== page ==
عنوان مقاله [English]
Introduction: Reproduction is one of the most important economic traits in sheep with within and between-breeds variation. Reproductive traits normally show low to medium heritability and therefore response to conventional selection methods is not satisfactory for these traits. Considering the genetic information of the genetic variants underlying reproduction variability could efficiently increase the selection efficacy. Genome-wide association studies (GWAS) have been used to identify associations between genotypes and phenotypes as well as candidate genes for economically important traits. Statistical power in GWAS is mostly affected by sample size. The low sample size is hence a main obstacle in GWAS. Combining multiple data sets of different studies for joint (mega) GWAS provides an opportunity to increase the sample size required for GWAS. This study was performed to identify genomic regions affecting litter size in sheep using the mega-analysis of GWAS.
Materials and methods: Multi-population joint GWAS was performed using genotypic and phenotypic data of six sheep breeds retrieved from the database. Quality control was performed using the Plink software. The markers or individuals were removed from the further study based on the following criteria: (1) unknown chromosomal or physical location, call rate <0.95, missing genotype frequency >0.05, minor allele frequency (MAF) < 0.05, and a P-value for Hardy–Weinberg equilibrium test less than 10-6. Before analysis, imputation of missing genotypes for combined data set was implemented by LD-kNNi method. Mega-analysis was performed using a mixed linear model in TASSEL software considering kinship and population structure (top five components of principal component analysis (PCA)) as confounding effects. The quantile–quantile (Q–Q) plot was visualized by plotting the distribution of obtained vs. expected log10 (P-value). The association results along the genome and the significant SNPs were visualized in the Manhattan plot. To account for multiple test problem and identify the genome-wide and chromosome-wide significance level, Bonferroni test was used based on the number of independent SNPs obtained from pairwise linkage disequilibrium analysis. After GWAS analysis, the 300 bp sequence upstream and downstream of the significant SNP was explored to identify the adjacent candidate genes using Ovis aries_v4.0 (UCSC).
Results and discussion: In the present study, we implemented a mega GWAS using six different sheep breed data to identify the genetic mechanisms responsible for litter size in sheep. After quality control, 305 animals and 351,615 SNP markers with a mean MAF of 0.33 were kept for further analysis. The results of the mega-analysis identified one marker on chromosome 21 at the genome-wide level and 10 markers at the chromosome-wide level on chromosomes 1, 2, 3, 14, 17, and 22. The quantile–quantile plot that features the total distribution of the observed P-values (−log10 P-values) of quality passed SNPs vs. the expected values, showed the effective control for confounding effects. Many of the significant SNPs identified in this study were located in or very adjacent to known genes (OPCML, GULP1, RBP4, MMP2, and LPCAT2) that have been already reported for their contribution to fertility and pregnancy success. It has been reported that OPCML is more consistently expressed in cells lining the uterus, oviduct, and rete ovarii. OPCML has been reported as a tumor suppressor protein that is frequently inactivated in epithelial ovarian cancer. It has been reported that the RBP4 gene is expressed during the period of fast elongation of the pig blastocyst which is a crucial period for the survival of the embryos. Also, it has been suggested that RBP4 has the main contribution in uterine and conceptus physiology during the establishment of pregnancy and therefore can be considered as a candidate gene for litter size. MMP2 has an essential function during ovulation and pregnancy through extracellular matrix (ECM) components degradation and therefore enabling cell migration and angiogenesis.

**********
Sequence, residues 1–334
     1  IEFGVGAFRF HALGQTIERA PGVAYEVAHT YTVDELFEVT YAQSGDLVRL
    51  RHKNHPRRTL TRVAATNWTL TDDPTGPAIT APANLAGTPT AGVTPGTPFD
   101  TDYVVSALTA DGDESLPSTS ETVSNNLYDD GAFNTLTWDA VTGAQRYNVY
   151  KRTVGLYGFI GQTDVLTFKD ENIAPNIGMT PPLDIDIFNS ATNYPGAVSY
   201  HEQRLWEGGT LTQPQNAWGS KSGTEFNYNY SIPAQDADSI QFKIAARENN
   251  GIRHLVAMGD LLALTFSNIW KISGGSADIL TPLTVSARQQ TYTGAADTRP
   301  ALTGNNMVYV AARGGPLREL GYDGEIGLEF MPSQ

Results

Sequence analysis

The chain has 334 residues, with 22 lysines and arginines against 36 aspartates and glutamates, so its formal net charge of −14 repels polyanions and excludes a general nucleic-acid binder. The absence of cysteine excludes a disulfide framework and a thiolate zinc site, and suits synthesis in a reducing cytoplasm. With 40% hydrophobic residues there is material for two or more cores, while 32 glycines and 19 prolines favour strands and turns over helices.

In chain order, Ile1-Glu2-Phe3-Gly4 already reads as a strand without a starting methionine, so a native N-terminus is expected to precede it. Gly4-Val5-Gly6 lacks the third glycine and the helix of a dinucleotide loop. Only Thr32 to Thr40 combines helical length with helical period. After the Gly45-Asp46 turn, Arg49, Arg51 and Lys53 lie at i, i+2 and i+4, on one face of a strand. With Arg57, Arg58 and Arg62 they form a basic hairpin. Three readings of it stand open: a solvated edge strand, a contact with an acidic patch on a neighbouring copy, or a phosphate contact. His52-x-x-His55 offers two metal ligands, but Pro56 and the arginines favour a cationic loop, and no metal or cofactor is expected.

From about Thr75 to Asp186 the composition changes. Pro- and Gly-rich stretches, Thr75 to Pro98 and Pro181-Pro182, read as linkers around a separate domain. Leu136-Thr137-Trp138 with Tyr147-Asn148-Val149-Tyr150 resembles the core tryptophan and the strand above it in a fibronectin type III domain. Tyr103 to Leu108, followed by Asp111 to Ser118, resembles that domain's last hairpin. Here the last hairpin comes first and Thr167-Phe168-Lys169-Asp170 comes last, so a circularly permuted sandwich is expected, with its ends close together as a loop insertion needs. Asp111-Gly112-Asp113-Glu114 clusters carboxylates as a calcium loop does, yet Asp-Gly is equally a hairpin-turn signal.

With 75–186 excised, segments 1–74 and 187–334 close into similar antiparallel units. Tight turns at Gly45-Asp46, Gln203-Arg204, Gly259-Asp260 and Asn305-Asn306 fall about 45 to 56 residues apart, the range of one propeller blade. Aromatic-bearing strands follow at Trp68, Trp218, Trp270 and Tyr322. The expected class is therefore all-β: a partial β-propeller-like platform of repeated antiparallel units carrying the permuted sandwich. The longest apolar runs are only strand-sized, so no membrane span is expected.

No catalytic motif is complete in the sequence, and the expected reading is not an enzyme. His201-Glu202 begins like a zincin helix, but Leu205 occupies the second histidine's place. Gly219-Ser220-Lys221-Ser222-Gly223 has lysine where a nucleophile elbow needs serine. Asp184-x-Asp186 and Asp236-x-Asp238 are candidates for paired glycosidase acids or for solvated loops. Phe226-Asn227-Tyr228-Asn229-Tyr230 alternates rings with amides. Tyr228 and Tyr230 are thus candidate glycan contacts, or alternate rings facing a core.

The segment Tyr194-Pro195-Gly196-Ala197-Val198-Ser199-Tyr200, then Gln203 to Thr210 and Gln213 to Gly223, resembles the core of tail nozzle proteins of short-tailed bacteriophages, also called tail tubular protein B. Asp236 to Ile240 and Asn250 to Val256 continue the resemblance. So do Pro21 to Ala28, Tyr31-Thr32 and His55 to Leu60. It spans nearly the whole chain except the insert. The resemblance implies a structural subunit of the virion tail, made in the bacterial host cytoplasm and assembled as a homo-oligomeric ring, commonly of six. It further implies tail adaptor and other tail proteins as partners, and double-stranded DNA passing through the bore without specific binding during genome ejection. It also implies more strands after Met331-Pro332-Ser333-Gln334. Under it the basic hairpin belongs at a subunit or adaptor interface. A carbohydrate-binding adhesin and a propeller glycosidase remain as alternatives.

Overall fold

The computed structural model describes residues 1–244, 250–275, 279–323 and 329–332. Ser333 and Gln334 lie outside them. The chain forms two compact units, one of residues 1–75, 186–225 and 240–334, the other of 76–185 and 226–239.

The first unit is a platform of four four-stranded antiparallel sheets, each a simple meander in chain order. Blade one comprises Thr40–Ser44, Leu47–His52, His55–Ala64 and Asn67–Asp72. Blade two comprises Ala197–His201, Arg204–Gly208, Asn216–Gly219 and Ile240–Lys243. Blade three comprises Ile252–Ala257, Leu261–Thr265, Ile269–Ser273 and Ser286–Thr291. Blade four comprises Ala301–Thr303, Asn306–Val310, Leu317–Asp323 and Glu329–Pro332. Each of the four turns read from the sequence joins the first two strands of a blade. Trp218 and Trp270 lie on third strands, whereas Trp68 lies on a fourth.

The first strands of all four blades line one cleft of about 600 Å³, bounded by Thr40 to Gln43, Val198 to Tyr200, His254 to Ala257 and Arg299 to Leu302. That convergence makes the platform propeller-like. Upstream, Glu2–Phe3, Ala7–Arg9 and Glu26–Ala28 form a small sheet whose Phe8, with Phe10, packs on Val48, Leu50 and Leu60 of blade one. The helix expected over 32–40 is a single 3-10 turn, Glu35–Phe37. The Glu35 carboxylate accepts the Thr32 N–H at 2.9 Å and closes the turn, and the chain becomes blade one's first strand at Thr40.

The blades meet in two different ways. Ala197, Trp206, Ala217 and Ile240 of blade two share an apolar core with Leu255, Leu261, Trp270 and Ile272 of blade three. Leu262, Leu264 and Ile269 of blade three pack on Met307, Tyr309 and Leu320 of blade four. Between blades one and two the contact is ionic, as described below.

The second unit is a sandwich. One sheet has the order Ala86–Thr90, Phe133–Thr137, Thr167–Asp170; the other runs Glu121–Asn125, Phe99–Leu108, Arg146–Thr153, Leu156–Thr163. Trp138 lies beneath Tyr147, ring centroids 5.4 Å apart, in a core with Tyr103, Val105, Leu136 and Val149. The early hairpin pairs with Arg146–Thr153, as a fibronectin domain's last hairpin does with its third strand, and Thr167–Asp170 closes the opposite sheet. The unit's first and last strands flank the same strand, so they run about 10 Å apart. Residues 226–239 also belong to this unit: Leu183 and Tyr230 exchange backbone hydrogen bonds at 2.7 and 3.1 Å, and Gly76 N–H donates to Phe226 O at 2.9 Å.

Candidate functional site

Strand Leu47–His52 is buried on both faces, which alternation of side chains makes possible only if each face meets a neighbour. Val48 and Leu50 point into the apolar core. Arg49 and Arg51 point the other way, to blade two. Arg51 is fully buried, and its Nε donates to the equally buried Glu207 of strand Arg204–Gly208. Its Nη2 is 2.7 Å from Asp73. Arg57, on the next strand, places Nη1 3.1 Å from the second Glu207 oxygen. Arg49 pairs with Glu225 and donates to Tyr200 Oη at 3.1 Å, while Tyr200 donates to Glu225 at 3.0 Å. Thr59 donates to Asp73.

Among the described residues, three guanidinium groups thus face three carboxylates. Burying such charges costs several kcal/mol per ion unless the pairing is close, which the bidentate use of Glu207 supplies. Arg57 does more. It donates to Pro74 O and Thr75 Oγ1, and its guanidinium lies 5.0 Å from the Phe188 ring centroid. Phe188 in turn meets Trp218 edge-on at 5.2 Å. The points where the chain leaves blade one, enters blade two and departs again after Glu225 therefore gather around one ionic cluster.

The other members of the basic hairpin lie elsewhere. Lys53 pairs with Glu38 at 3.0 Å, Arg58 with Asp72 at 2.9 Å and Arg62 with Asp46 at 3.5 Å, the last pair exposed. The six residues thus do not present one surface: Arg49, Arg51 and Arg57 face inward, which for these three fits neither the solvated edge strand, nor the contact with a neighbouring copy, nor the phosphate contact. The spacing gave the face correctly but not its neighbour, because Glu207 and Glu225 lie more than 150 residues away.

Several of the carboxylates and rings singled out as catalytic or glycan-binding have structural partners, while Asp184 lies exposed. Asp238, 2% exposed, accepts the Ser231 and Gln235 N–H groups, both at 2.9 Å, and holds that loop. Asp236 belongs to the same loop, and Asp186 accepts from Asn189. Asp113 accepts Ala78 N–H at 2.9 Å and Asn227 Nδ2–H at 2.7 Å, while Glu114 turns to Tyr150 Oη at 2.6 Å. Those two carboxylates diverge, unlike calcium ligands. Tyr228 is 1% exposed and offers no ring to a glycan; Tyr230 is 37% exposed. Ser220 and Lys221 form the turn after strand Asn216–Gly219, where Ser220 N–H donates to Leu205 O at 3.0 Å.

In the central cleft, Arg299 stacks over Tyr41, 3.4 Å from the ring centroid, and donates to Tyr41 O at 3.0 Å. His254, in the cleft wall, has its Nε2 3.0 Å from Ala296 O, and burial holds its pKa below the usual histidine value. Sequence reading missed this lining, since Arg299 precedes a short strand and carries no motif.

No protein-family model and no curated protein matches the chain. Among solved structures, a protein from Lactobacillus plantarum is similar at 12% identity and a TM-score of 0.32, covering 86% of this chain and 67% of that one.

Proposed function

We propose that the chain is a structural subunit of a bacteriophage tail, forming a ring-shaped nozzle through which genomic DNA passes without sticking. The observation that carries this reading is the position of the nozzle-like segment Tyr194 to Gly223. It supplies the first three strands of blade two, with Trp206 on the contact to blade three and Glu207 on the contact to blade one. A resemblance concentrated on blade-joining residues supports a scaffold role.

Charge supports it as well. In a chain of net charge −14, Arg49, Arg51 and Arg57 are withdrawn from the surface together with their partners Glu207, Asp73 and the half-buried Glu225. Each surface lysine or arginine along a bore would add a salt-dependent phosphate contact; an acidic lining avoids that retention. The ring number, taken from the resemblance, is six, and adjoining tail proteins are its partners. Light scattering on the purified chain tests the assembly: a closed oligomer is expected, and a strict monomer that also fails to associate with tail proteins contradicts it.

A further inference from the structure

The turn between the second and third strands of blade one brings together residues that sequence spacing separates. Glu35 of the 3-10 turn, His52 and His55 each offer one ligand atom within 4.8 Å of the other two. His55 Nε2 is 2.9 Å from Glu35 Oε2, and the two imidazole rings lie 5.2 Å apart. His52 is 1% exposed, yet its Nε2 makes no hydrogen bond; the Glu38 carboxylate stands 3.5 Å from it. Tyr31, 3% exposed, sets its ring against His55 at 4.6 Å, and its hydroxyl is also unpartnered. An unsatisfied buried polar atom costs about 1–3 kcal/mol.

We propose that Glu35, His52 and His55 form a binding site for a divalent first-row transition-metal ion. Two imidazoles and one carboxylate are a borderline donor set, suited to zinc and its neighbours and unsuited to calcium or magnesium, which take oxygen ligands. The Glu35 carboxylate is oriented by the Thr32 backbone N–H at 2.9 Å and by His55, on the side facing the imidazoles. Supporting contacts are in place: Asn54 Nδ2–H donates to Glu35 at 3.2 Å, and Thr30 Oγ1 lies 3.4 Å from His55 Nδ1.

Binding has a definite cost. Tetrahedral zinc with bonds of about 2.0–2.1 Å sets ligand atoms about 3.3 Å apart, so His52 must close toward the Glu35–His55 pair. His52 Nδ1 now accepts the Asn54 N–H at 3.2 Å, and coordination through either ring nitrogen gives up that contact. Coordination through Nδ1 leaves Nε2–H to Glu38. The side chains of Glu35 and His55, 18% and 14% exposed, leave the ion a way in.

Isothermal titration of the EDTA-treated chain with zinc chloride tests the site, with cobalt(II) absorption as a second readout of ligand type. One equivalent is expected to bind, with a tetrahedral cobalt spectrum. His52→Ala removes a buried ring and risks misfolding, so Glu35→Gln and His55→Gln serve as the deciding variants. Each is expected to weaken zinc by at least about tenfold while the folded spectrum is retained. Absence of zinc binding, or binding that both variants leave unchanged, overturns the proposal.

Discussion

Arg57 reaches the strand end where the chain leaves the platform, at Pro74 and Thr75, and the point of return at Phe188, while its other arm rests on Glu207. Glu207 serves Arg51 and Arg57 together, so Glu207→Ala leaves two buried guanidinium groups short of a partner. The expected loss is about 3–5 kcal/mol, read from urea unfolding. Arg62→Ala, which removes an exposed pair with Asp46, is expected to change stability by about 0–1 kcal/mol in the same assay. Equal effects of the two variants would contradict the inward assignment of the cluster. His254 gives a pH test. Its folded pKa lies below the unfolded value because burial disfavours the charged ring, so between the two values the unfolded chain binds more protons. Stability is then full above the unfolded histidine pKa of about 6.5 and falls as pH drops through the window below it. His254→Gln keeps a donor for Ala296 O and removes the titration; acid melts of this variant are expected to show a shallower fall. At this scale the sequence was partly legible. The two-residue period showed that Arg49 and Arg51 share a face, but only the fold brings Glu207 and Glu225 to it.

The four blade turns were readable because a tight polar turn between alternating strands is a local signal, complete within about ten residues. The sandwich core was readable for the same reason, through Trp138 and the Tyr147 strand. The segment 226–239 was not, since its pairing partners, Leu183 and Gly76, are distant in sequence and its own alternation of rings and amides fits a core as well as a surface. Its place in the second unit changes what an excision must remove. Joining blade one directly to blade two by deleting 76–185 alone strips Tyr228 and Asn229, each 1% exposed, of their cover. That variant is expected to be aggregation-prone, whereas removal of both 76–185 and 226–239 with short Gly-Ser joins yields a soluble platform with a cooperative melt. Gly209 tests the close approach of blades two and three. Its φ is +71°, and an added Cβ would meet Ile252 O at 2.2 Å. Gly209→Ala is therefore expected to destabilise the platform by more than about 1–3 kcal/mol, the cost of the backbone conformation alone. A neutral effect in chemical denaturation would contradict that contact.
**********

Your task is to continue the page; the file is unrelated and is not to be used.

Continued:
Conclusions: Comparison of the results of this study with previous reports showed that the mega-analysis of GWAS, compared to the meta-analysis already reported for GWAS results, had comparable power in identifying genomic regions influencing litter size in sheep but identified fewer genomic regions than individual GWAS for each breed. No previously reported major genes controlling litter size in sheep were identified using our mega GWAS. The results of our research are suggested for further investigations in identifying causal genetic variants or genomic regions underlying the litter size variation in sheep and can be used to understand the genetic mechanism controlling this trait.